"Can the company afford to pay you a living wage?"
This is a common question among small business owners in particular. Struggling in an economy evolved to favor and protect large corporations, small business owners nevertheless tend to extend much misplaced empathy toward their gigantic competitors. For a small business owner, especially in the first few years of her company's existence, it can be a very real challenge to pay even highly contributing employees a living wage. Independent coffee shop owners, in particular, may see the Peet's Workers Group living wage campaign as an indictment of their own minimum wage pay scale.
It is crucial to differentiate immediately between Peet's Coffee & Tea and the mom-and-pop coffee shop around the corner. We in PWG are intimately acquainted with small business owners, and most of us have worked for or participated in running small businesses ourselves. We know the story. You pay your employees minimum wage, treat them like family, let them eat free meals at the shop, and at the end of the year you're lucky to break even. You employ high school students, college students, people without dependents, people who live with their parents, people whose partners earn a "real" income, people who receive government assistance. People who are otherwise subsidized, so they can manage to scrape by on less than a living wage. You wish you could pay them more, that you could pay yourself more, but you can't. Yet.
When PWG asked our friends further up the corporate ladder the question, "can Peet's afford to pay us a living wage?" they just laughed. A quick glance at the numbers was more than enough to say, of course they can afford it.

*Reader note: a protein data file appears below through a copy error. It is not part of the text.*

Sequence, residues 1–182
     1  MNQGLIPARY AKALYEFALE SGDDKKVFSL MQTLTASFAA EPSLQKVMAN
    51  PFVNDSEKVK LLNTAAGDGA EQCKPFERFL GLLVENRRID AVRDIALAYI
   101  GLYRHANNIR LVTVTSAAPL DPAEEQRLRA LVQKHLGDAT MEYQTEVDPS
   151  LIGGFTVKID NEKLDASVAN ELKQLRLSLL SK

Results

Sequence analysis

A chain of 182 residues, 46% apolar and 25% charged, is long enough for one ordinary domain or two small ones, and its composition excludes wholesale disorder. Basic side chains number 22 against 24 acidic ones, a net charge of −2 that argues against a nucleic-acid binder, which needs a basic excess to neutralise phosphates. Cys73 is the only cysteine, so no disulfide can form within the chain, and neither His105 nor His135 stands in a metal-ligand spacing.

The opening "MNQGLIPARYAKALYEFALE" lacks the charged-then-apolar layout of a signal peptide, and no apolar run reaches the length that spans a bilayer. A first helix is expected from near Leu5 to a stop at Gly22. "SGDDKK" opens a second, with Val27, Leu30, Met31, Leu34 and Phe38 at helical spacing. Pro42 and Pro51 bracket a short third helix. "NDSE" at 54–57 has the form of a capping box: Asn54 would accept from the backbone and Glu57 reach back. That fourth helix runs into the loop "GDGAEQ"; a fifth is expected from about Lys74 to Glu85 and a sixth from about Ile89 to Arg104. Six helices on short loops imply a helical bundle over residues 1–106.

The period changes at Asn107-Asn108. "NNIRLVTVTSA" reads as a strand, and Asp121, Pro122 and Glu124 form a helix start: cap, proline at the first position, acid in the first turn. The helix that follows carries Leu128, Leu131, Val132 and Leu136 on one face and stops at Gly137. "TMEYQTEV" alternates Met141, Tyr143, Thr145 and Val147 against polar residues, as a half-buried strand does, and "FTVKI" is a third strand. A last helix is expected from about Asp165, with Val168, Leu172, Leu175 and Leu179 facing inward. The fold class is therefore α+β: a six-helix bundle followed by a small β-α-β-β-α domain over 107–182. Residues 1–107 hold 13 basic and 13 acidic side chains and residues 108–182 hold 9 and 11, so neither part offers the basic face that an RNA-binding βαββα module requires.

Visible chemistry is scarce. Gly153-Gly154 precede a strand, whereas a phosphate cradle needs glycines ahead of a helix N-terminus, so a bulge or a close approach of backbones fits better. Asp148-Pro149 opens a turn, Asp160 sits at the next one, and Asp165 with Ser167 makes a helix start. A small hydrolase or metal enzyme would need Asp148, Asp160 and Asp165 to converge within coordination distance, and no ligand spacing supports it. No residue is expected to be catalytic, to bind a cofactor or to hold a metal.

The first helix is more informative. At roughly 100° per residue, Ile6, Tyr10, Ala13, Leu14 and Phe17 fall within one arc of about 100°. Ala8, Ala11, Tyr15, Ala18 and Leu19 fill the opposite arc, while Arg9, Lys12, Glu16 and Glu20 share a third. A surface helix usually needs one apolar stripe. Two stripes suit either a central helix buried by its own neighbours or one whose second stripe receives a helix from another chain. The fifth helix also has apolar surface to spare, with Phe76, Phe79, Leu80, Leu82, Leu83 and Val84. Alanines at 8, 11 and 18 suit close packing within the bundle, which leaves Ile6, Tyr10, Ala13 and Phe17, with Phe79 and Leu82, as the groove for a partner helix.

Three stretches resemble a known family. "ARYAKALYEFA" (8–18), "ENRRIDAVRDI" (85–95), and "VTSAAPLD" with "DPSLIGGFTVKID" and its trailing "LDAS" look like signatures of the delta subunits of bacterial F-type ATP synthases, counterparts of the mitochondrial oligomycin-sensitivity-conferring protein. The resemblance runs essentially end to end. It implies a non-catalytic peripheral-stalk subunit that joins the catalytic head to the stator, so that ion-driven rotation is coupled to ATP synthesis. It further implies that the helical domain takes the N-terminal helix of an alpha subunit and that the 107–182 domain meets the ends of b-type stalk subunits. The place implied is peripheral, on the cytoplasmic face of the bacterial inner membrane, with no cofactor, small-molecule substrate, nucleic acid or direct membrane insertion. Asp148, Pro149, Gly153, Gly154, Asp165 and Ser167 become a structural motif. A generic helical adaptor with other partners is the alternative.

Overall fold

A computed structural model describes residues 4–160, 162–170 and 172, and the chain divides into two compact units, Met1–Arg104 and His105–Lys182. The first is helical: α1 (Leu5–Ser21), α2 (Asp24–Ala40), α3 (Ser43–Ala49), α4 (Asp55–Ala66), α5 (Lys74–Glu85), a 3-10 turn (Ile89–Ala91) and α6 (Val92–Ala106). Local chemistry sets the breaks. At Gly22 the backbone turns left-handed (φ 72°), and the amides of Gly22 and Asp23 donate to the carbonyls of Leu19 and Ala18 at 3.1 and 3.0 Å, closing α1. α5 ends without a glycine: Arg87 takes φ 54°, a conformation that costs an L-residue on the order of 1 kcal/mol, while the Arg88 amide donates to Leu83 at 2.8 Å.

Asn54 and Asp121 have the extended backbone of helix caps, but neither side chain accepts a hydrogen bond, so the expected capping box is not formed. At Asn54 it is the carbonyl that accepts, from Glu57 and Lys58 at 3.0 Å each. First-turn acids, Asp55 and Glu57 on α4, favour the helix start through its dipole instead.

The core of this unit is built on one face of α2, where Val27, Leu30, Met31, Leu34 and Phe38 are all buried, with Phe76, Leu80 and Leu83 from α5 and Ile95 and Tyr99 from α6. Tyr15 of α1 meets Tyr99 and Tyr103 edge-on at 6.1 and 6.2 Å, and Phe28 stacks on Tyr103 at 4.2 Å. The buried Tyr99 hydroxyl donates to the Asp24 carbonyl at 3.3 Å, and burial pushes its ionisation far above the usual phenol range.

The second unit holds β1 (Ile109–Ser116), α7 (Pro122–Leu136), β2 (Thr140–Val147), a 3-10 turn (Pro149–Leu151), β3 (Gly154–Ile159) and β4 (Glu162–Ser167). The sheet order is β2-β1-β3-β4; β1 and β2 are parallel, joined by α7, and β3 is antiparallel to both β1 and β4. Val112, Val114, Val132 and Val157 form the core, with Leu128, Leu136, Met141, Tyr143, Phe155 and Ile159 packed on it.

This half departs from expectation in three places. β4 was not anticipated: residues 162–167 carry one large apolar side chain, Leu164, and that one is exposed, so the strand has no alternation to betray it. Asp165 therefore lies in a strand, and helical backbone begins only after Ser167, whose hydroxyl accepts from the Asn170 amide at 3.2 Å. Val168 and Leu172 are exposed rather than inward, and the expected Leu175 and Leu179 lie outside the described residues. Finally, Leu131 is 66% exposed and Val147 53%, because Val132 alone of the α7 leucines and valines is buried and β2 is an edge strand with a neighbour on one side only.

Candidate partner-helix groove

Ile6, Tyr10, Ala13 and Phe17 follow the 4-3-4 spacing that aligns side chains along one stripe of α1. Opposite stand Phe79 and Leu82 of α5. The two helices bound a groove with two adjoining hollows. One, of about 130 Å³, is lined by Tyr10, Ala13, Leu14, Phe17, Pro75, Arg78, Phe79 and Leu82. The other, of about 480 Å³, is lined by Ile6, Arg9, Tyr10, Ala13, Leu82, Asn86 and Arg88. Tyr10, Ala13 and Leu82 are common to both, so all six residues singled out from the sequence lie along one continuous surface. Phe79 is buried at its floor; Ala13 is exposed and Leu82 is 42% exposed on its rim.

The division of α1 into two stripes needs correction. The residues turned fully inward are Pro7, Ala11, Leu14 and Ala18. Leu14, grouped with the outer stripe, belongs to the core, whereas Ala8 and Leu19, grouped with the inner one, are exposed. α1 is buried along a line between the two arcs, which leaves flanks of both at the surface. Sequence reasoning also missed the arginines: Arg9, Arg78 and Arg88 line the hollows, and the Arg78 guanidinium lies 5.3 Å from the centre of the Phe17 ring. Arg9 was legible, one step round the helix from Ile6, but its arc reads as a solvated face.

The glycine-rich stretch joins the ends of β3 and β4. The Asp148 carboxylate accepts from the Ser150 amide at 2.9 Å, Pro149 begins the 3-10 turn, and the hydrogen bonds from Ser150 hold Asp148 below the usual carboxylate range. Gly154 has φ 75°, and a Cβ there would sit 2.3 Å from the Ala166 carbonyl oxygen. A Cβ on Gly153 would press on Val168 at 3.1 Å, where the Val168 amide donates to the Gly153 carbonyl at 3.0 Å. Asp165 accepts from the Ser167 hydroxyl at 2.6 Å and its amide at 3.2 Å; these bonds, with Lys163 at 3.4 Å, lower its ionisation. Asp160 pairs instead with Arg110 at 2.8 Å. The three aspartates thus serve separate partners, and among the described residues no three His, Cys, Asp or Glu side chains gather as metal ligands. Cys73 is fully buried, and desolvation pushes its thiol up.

The problem with asking "can they?" is that for those of us with limited corporate accounting knowledge, the question precipitates an overly simplistic "bottom line" analysis: figure out the total cost per year of increasing each employee's salary to a living wage. Then take the company's net profit, subtract the added labor cost, and see what's left.
We did this, and yes, the company could give every retail worker in the country a $3/hour raise and still net $8 million a year in pure profit. The equation looked like this: 3000 retail level employees x 1000 hours/year average due to part timers x $3/hour = $9,000,000 subtracted from about $17,000,000 net profit each of the last couple years = $8,000,000 net profit left.
|Peet's' stock more than doubled in the last 5 years.|
At least at first.
Because actually our math is still too simplistic. It is based on the short-sighted business philosophy that labor is an expense, rather than an investment. Which leads us to our second post in this series: What about the bottom line?
Peet's Coffee & A Living Wage 5-part series:
1. Can they afford it?
2. What about the bottom line?
3. Why should Peet's be different than any other retailer?
4. Whatever happened to the dignity of work?
5. Living wage Q&A